As autumn rains and high-altitude snows make driving conditions rough for truck owners throughout the Meridian, Nampa and Caldwell area, local diesel engine repair shops recommend that drivers take a closer look at their tires.
As autumn rains and high-altitude snows make driving conditions rough for truck owners throughout the Meridian, Nampa and Caldwell area, local diesel engine repair shops recommend that drivers take a closer look at their tires. Like hard-working footwear on a hiker, a truck's tires must be rugged enough to withstand rough terrain yet provide enough traction to give firm footing in mud, snow or loose gravel.
Whether your truck is powered by Dodge-Cummins, has a Ford-Powerstroke engine under the hood or is a part of the GMC/Chevy Duramax family, you have a wide and sometimes bewildering array of tires from which to choose. As Gage Burlingame of Gem State Diesel notes, "Entire stores are devoted to tires, but many buyers don't know where to start sorting through that huge inventory." Fuel economy, traction, load-bearing capacity, purpose and even style enter into drivers' buying decisions when choosing tires, and having advice from shops that specialize in commercial diesel trucks can help demystify the process.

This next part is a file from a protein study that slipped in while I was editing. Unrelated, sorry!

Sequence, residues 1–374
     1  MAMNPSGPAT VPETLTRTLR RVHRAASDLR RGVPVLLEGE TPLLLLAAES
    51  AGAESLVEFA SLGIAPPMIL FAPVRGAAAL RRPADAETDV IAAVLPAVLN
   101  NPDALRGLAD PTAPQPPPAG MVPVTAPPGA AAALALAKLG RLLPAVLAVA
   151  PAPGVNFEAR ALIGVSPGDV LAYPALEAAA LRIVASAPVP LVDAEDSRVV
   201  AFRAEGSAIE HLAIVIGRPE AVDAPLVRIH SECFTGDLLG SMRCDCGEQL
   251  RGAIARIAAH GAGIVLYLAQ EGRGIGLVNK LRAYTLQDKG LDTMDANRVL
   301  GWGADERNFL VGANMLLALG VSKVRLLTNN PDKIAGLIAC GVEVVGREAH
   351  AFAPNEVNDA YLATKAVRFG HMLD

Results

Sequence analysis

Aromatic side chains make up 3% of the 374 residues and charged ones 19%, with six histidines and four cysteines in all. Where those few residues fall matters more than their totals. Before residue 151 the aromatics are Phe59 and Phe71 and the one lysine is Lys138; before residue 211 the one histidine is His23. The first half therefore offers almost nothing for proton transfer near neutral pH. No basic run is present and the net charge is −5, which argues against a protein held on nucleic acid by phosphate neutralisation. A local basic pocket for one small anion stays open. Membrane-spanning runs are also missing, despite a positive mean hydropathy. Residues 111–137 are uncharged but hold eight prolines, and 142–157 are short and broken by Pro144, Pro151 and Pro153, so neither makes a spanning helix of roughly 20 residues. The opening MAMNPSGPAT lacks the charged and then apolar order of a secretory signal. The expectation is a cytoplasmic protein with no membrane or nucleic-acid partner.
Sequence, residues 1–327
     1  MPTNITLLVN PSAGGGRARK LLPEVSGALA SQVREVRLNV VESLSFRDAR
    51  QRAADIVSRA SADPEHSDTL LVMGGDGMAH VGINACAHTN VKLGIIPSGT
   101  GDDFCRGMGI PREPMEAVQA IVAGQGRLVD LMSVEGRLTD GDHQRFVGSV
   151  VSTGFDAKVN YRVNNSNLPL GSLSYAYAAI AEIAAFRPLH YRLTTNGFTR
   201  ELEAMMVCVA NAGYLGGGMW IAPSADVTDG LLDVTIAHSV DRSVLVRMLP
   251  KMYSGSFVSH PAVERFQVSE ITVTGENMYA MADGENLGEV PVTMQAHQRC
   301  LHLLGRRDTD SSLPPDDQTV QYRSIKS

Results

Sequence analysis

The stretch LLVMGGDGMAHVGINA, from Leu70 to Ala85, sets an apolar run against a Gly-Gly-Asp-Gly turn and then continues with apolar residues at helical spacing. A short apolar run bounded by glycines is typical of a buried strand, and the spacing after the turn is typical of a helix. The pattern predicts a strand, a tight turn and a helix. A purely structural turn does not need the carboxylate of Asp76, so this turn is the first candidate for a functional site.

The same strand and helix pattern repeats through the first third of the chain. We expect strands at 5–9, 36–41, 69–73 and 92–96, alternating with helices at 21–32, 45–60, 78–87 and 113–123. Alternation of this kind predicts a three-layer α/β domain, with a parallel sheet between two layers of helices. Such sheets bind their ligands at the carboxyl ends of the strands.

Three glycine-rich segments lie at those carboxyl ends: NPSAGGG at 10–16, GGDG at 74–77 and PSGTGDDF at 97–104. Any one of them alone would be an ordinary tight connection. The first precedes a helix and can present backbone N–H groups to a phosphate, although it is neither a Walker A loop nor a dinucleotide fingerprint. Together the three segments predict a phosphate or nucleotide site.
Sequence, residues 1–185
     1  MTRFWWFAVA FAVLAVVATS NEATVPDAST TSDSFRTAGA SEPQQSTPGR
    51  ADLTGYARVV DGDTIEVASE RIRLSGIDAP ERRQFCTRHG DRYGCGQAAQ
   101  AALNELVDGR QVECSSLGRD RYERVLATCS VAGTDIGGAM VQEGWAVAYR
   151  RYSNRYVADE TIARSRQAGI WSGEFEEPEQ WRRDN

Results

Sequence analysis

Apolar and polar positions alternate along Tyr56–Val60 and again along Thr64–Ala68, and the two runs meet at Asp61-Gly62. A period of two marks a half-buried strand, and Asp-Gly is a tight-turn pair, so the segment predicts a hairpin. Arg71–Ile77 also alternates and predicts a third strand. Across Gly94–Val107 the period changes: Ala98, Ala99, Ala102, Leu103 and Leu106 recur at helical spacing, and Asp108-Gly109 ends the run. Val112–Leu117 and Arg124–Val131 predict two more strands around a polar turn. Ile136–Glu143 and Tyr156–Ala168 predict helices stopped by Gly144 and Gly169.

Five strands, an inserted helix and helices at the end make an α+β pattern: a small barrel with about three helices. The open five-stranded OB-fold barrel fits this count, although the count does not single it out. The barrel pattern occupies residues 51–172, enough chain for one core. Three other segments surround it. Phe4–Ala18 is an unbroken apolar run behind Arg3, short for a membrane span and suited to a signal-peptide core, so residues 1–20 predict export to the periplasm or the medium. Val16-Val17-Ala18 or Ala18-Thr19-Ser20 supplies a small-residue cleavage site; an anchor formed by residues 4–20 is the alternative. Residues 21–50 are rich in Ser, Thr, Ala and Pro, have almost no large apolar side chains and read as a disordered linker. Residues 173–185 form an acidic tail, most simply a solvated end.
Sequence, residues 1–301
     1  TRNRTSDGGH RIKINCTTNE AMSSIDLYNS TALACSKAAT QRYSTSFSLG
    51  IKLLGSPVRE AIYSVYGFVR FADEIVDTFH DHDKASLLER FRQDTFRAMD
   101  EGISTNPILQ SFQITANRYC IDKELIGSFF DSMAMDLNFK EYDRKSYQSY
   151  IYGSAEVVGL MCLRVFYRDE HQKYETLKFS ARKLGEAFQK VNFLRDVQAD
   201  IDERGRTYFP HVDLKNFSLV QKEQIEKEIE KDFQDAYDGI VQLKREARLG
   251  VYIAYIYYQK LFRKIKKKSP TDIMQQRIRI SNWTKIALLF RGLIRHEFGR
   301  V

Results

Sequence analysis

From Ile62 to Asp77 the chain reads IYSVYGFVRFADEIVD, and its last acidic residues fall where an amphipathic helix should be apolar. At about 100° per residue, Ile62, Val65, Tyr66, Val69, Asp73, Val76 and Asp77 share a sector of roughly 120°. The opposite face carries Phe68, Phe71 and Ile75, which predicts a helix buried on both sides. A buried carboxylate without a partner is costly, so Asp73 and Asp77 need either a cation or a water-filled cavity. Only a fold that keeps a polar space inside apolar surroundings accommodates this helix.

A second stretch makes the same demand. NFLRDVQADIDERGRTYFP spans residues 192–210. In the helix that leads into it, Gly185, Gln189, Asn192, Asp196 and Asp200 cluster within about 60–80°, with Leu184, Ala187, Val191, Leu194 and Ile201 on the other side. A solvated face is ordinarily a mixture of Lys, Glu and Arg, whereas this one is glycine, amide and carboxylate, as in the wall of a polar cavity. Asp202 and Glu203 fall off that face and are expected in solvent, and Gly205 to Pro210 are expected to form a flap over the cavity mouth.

"Every commercial diesel truck tire has a code, and once you know how to read its most important elements, you're on your way to picking the right tires for your truck," Burlingame says. Tires stamped with an "LT" are designed for light trucks; other designations include P for passenger vehicles and ST for special trailers and some agricultural diesel equipment. If you plan on driving through slick or slippery conditions, Burlingame says, look for tires labeled with an M+S or M+T rating. "Tires meant for mud, snow and rough terrain are ideal for dirt and gravel roads, off-road uses and all-weather driving. If you count on your truck to get you to remote work sites or move equipment in any weather, these are the tires you need."
Load capacity is a vital factor for hard-working truck tires too. "Standard truck tires with an E rating can withstand 3,000 pounds of weight per tire, but you have to factor in the weight of the truck as well as its contents," Burlingame says. "If you're carrying a ton and a half of construction materials and towing a trailer full of equipment, it's easy to meet those upper limits." When in doubt, he suggests, look for higher letter ratings. "Greater load-bearing capacity lets you handle big jobs later even if your current driving is mostly in the city."
When it comes to tire maintenance, a specialized diesel engine repair and maintenance center may be a better choice than a general tire shop. "The same team that maintains your truck's common rail injectors and changes its oil can also check and rotate your tires," says Burlingame. "The people who work with trucks every day know them best, and that includes their wheels."